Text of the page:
In February of this year, I sat in an audience at the National Press Club to witness two incredible people deliver one of the most powerful and courageous speeches I've ever witnessed. Nestled in the heart of Canberra's parliamentary hub, this was the nation's most iconic forum for discussion and debate. The atmosphere was electric. I watched as Grace Tame and Brittany Higgins took to the stage - two young women, two survivors. It finally felt like the power of young women was being recognised in this country.
But that day, I also looked around me and realised that the room did not look like the diverse society that Australia is. From journalists, to politicians, to feminist advocates and supporters, the room had very few women of colour, First Nations women, women living with a disability, gender diverse people and other marginalised groups.
As a university student, the clear lack of diversity was jarring compared to the vibrant and multicultural campus I was used to being in. It was a reminder that spaces of power reflect who is born with power, where some can easily rise to the top while others may never have access.
Parliament is one example of who holds power and who does not. Federal Parliament was entirely controlled by men for four decades until the first women were elected in 1943. First Nations women were only able to vote in 1962. These unhealthy foundations created an unhealthy system, and the legacy of this exclusion continues to this day. Women - and especially women and gender diverse people experiencing multiple intersections - are not adequately represented in parliament. And for those that have worked so hard to get there, to take that seat - it's not even safe.
Young women have plenty of examples of the price of speaking up, from the backlash Grace and Brittany have experienced to the exclusion of Dhanya Mani in the national coverage of sexual assault in politics. We've also seen what happens to women in the political system. Former Liberal MP Julia Banks' experience of sexual harassment and bullying reveals the ongoing culture of silencing women who dare to say "no". Brittany Higgins' alleged rape in Parliament House exposed politician after politician who could have done something but turned away.
Our democracy pays the price. Just one in 10 young women, most of whom will be voting for the first time in a few weeks, felt parliament was a safe place for them to work when Plan International Australia surveyed them in 2021, right after Brittany Higgins bravely came forward. And despite a number of reviews into the culture of parliament and promises to fix things - 60 per cent of young women surveyed again this month by the charity for girls' equality said they do not believe parliament has become any more safe or equal in the last year. An unsafe political culture means we lose out on the bright and powerful voices of young women who should be in politics and could change this country for the better.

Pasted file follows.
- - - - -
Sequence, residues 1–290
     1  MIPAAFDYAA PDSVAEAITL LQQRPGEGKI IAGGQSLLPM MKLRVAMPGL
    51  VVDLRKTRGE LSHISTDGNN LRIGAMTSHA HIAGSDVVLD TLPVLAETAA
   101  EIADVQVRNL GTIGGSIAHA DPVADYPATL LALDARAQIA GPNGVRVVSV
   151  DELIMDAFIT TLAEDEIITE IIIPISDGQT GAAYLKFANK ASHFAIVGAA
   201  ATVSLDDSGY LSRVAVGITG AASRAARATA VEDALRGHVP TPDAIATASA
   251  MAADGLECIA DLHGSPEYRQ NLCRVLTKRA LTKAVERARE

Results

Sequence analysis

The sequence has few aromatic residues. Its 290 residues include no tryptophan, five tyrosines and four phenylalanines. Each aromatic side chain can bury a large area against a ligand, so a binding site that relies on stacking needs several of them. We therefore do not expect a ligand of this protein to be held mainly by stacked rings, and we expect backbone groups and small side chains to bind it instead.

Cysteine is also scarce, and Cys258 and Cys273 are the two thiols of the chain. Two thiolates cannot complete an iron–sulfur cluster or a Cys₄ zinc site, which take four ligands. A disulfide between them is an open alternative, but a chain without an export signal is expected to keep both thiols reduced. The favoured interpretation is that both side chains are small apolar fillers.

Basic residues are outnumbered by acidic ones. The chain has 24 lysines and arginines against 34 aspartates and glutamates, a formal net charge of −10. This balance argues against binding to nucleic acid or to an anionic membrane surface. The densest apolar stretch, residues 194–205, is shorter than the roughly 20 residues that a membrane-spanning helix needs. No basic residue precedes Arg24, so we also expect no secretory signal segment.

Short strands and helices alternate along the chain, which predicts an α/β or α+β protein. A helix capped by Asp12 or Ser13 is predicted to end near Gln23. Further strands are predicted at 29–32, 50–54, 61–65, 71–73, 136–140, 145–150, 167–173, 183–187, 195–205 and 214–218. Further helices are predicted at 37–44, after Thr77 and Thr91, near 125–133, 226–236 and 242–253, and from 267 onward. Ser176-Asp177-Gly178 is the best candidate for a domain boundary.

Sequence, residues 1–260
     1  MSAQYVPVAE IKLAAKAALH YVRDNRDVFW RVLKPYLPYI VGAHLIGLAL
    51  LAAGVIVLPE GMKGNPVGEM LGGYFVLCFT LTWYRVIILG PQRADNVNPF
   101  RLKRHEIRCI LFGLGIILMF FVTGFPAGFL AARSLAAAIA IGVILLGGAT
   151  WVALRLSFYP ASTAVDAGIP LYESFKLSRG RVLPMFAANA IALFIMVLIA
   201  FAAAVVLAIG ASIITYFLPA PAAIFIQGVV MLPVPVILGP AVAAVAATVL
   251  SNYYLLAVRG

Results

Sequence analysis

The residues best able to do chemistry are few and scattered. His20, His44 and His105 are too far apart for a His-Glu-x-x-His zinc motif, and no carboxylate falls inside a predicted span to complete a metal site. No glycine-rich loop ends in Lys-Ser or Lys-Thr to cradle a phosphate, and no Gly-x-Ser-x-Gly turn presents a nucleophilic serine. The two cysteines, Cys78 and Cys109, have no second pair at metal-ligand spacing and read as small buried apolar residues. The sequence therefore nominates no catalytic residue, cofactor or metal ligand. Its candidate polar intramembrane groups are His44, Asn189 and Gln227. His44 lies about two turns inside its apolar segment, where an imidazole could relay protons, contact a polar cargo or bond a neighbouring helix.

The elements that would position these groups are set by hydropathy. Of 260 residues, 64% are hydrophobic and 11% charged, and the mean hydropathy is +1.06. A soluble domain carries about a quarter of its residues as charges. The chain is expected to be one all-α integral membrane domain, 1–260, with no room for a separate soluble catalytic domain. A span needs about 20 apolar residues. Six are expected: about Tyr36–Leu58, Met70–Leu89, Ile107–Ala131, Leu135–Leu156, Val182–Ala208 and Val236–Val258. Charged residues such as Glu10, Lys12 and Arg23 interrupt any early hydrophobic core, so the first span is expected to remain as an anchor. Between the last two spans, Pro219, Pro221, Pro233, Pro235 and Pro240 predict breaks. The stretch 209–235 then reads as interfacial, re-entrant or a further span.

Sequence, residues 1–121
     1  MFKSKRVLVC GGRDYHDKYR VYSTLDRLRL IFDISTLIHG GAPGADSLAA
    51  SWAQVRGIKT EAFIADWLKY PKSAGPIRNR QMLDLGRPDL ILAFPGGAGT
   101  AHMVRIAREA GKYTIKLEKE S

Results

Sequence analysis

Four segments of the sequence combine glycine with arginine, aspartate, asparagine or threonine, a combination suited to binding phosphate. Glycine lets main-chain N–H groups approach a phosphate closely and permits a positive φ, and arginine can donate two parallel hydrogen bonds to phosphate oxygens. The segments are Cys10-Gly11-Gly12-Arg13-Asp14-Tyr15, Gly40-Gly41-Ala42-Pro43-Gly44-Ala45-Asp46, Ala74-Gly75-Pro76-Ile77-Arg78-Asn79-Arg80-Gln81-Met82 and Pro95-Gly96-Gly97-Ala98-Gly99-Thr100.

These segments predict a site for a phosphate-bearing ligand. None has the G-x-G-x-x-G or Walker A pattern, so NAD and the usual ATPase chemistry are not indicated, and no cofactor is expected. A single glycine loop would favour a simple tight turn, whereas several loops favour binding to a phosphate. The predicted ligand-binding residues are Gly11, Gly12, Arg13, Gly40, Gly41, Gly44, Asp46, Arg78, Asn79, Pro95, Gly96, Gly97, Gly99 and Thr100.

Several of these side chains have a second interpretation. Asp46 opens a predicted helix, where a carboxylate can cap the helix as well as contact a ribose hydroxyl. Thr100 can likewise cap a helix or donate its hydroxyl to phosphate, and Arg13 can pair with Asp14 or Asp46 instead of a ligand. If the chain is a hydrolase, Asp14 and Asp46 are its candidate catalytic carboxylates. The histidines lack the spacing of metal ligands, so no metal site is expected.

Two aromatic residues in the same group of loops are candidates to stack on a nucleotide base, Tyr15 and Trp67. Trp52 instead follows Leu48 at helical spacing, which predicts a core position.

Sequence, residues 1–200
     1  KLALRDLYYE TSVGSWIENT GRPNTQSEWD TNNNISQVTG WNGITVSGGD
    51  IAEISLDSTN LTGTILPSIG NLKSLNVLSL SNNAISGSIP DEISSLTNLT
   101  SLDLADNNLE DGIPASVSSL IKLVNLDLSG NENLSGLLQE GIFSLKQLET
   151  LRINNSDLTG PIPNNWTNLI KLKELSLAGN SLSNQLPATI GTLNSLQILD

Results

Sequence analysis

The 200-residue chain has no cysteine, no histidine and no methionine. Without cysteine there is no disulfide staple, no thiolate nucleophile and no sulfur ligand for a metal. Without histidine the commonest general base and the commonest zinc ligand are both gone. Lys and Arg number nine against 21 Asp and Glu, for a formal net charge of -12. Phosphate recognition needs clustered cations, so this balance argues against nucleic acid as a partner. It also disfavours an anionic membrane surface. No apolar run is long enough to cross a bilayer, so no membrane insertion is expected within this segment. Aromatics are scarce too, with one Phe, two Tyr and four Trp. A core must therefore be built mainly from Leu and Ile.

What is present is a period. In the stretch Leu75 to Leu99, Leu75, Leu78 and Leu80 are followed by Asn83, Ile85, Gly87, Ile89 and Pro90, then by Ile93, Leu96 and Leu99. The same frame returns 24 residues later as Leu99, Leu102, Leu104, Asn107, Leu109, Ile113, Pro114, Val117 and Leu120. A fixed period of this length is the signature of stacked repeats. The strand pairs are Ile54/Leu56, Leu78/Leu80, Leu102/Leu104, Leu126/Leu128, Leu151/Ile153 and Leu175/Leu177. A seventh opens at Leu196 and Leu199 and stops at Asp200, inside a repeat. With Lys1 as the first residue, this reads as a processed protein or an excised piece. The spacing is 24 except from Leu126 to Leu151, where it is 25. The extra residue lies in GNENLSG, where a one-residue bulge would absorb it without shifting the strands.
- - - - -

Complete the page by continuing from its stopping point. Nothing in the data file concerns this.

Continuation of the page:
On an intersectional level, the perceptions of safety and equality in politics is even bleaker. Almost three quarters of young women in Australia do not believe politics is an equal space for those of diverse cultural backgrounds. One third of culturally and linguistically diverse young women said they would not ever consider politics because of their cultural or ethnic background and because our parliament is not diverse enough.
Almost half of those who identified as LGBTIQ+ said that their reluctance to seek a political job stems from perceived homophobia and transphobia in parliament. The same amount of young women with a disability said the lack of inclusive practices for people living with a disability is a reason they would not pursue a career in politics.
Yet despite these problems, our system is not set in stone. Whatever the election result, the new government that forms after May 21 can and must take clear and tangible steps to fix it all. Together with Plan International Australia, I am calling for all parties to commit to implementing the transformative suite of recommendations in the Sex Discrimination Commissioner's "Set the Standard" report in six to 18 months. All political parties must also set targets for the representation of women and people of different ethnicities as a first step towards ensuring our parliament represents all people across the diversity of our country. All parties must also commit to introducing mechanisms to report back to survivors on the implementation of the "Set the Standard" recommendations.
I refuse to turn away from democracy and politics despite seeing inequality and violence play out. As a young woman of colour, I see how doing this would only reward those who want us to remain silent. That does not mean I will pretend this systemic injustice does not exist. It does. Women across Australia recognise this too. At the March4Justice rallies around the country, women across generations screamed for justice at Parliament House until our lungs hurt. In Melbourne's protest, girls as young as 12 took to the stage in their school uniforms sharing their experiences of sexual assault. We listened, we cried, and we demanded change.
I see how my generation is willing to resist formalities to speak truth to power. Now, more than ever, we need young people in all their diversity to give a voice to our experiences in a way that other generations could not capture.
The burden weighs heavy on our shoulders. We need you to make equality and representation a defining issue for this federal election in the name of safety and respect.
Our demands are clear. It is time that we reimagine and create a better, fairer, and inclusive parliament. Our representatives should represent us.
- Yasmin Poole is a Plan International Australia ambassador, Martin Luther King youth influencer of the year and Rhodes Scholarship winner.